On October 24, 1996, the employee returned to see Dr. Douglass, complaining of an exacerbation that day of his thoracolumbar strain condition, and Dr. Douglass prescribed medication and three weeks of physical therapy and continued the employee=s release for work under his previous permanent work restrictions. In January of 1997, Dr. Plachta referred the employee to rehabilitation specialist Dr. Peter Hindle, who examined the employee on January 28, 1997. Dr. Hindle diagnosed myofascial pain in the thoracolumbar and lumbosacral areas with bilateral sacroiliitis Ain a stiff, tight, deconditioned male,@ together with underlying degenerative disc disease and degenerative arthritis. He did not, however, see any significant disc space narrowing on the employee=s x-rays, and he did not see any evidence of any acute radiculopathy or disc herniation, noting that the employee had no leg symptoms at all and that his straight leg raising was negative. Noting also that the employee was currently on indefinite light duty restrictions, Dr. Hindle prescribed physical therapy and expressly declined to write any new restrictions. When he saw the employee again about two months later, on March 24, 1997, Dr. Hindle indicated that the employee=s mobility and flexibility had improved with his physical therapy, and he recommended that the employee be transitioned into a ninety-day medical membership at the YMCA. On April 14, 1997, the employee saw Dr. Douglass again, who, diagnosing thoracic strain with spasm, concluded that the employee had reached maximum medical improvement [MMI] with respect to his October 24, 1996, exacerbation with 0% related permanent partial disability.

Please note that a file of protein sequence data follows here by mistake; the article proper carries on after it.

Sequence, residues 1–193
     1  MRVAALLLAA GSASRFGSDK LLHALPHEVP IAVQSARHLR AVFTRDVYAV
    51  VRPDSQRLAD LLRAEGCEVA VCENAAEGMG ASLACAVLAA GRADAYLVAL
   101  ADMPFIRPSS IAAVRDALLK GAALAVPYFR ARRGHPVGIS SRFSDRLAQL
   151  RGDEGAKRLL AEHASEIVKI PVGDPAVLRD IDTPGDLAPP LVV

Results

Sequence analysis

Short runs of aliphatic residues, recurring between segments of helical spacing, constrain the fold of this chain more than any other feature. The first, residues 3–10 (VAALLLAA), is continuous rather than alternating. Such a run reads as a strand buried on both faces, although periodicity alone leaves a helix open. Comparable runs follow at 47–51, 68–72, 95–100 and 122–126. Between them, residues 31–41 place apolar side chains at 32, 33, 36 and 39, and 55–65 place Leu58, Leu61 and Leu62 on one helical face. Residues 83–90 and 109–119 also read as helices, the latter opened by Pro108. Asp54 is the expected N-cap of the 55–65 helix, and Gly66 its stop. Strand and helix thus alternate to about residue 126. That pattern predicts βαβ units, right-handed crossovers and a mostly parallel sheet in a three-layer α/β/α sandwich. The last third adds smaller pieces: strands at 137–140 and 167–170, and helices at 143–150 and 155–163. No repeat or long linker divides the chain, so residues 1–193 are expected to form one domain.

Dr. Douglass continued to follow the employee=s case over the course of the next few years, during which time the employee evidently asserted a claim for another work injury to his lower back, on January 30, 1998. In treatment notes on April 5, 1999, Dr. Douglas indicated that the employee had reported that Athe people at work have been very good to him and have told him to take it easy and not push himself so much because of his back problems.@ X-rays taken on that date were read to in part reveal osseous degenerative changes that had only Avery mildly increased@ since the employee=s April 4, 1994, study. The following month, in May of 1999, the employer eliminated all of its light-duty positions, and the employee, in order to retain employment with the employer, returned to regular duty as an automotive mechanic, a job that was outside his restrictions. Although apparently his fellow employees normally did the heavier work, leaving the lighter work for the employee, the employee evidently found himself experiencing back pain nearly every day upon returning home after work, frequently going to bed with a heating pad and not getting up again until it was time to go to work again the next day.